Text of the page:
Malawians will return to the polls on Tuesday in a hotly contested presidential election rerun, being held almost five months after the Constitutional Court annulled the results of a disputed vote last year.
The country’s electoral commission had initially declared incumbent President Peter Mutharika the narrow winner of the May 2019 election with a 38.57 percent share of the vote.
The results led to widespread protests by the main opposition who alleged foul play.
Lazarus Chakwera, who came second with 35.41 percent, and Saulos Chilima, who finished third with 20.24 percent, went to court to challenge the result.
In a unanimous ruling, a five-judge panel threw out the results citing “widespread, systematic and grave” irregularities and ordered fresh elections within 150 days.
Crucially, the court also stipulated that a presidential candidate must now secure an absolute majority of 50 percent plus one to be declared the winner of the race. Since Malawi’s return to multiparty competition in 1994, the election had been determined by the first-past-the-post system in which the contender with most votes is declared the winner regardless of whether they receive an outright majority.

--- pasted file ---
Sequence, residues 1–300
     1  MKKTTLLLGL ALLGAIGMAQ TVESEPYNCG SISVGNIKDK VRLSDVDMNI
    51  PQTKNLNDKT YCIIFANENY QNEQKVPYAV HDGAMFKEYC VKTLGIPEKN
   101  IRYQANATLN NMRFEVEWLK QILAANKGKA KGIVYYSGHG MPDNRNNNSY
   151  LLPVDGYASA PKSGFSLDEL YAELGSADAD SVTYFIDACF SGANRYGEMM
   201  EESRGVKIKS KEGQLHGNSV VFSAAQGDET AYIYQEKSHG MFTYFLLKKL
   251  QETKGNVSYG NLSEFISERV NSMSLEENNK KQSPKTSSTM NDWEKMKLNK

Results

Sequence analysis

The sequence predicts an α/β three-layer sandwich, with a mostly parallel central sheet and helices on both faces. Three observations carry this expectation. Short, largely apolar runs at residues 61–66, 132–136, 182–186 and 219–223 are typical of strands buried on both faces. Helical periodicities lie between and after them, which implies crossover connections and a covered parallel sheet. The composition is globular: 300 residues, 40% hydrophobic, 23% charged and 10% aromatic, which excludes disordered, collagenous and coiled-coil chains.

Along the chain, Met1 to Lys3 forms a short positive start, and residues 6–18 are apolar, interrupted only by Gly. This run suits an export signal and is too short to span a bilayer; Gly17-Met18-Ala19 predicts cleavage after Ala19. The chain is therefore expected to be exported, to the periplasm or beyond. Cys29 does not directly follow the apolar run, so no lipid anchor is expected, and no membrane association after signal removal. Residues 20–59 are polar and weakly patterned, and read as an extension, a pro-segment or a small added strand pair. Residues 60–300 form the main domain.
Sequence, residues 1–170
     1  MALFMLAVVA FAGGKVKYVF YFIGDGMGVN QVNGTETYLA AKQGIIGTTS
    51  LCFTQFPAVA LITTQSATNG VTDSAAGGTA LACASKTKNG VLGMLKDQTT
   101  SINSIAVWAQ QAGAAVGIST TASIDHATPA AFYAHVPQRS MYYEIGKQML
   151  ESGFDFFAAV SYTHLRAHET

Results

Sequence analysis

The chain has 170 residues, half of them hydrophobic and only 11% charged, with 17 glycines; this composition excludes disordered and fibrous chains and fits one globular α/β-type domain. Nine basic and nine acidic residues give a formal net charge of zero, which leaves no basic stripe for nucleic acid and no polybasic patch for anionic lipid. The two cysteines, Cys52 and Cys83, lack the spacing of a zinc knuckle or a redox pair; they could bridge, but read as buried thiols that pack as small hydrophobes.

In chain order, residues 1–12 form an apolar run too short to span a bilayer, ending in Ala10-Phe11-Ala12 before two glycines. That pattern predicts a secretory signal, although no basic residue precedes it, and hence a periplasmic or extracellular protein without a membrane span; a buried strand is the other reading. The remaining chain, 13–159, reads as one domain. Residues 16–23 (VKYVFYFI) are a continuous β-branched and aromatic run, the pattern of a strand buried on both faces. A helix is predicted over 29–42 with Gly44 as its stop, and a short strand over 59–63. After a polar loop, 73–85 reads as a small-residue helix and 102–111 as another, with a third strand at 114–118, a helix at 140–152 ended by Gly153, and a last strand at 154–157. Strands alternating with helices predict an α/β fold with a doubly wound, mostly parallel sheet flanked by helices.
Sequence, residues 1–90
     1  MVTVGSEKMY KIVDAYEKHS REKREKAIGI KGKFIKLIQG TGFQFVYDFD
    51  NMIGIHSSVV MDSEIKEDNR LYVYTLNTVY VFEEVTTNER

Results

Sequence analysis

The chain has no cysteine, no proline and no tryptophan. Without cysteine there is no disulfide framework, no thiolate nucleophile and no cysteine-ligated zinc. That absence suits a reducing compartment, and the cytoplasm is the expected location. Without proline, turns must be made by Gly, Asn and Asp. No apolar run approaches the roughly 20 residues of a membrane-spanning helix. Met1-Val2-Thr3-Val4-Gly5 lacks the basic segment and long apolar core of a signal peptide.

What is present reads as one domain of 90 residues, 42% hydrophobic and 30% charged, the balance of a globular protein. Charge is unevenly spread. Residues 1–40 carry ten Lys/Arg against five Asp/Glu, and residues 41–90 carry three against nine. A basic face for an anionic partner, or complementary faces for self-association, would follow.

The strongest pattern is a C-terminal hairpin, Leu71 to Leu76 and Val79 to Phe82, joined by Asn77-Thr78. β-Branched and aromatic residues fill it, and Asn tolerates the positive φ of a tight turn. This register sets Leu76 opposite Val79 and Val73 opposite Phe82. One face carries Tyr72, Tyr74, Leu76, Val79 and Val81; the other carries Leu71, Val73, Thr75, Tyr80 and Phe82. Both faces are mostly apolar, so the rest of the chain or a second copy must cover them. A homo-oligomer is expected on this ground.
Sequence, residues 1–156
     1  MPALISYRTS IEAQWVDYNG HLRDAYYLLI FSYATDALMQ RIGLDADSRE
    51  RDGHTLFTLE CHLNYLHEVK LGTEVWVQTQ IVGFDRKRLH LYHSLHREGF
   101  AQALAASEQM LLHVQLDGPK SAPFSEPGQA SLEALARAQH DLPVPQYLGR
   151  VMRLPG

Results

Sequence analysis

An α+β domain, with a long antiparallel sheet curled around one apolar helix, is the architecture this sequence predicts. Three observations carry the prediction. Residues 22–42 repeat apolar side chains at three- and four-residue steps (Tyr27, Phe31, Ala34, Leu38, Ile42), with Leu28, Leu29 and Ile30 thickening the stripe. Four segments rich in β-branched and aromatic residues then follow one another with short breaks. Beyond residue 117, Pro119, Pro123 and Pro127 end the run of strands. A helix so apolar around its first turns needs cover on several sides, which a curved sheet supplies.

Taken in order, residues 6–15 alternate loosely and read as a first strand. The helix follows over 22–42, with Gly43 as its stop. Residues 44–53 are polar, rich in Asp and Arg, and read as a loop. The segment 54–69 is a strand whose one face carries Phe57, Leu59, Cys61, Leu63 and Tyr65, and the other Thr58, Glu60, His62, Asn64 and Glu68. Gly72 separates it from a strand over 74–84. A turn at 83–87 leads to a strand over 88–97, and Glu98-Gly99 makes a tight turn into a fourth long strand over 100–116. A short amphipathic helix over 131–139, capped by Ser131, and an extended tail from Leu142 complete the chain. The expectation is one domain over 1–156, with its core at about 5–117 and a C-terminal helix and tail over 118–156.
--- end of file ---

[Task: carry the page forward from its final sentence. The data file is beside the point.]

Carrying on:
The electoral commission announced in March that the vote will be held on July 2 but opposition legislators passed a resolution in parliament setting June 23 as the election date.
According to the electoral commission, some 6.8 million Malawians are eligible to cast ballots at more than 5,000 polling stations across the landlocked country of 17.5 million people.
Three candidates are in the running for the country’s top job but only two stand a chance of winning the poll.
Mutharika, the 79-year-old incumbent, is looking for a second and final five-year term in office.
He leads the governing Democratic Progressive Party (DPP), which was founded by his elder brother, late President Bingu wa Mutharika, in 2004.
A former law professor, Mutharika, who came to power in 2014, is credited with improving the country’s infrastructure and lowering inflation, which has fallen from 23 percent to below 9 percent.
His rivals have accused him of corruption and of favouring rural regions where his support is strongest. He denies the accusations.